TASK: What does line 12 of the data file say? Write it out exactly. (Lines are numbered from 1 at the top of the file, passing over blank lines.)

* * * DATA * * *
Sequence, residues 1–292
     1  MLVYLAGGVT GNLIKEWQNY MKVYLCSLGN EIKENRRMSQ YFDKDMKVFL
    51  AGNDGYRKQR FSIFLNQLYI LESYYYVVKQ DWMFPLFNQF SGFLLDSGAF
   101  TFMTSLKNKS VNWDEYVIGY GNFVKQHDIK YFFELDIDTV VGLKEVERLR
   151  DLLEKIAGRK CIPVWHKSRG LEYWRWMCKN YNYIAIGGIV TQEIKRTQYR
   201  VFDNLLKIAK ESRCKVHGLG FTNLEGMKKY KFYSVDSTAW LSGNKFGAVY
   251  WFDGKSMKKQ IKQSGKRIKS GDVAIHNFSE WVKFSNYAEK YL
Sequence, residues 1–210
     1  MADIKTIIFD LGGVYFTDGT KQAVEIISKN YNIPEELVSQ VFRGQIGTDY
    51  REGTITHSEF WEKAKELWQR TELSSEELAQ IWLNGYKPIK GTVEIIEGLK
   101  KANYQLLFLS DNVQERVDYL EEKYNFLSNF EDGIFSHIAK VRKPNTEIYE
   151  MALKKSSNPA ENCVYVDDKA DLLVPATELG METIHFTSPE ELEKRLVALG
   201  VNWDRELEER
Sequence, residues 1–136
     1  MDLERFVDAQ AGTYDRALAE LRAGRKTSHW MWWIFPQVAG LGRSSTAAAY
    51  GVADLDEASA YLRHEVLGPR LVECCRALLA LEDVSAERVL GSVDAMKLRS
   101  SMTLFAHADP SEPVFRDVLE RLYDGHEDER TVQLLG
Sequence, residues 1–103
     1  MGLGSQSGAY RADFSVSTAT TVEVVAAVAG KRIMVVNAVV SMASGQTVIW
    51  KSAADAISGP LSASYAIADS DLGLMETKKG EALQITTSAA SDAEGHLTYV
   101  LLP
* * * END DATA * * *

   151  MALKKSSNPA ENCVYVDDKA DLLVPATELG METIHFTSPE ELEKRLVALG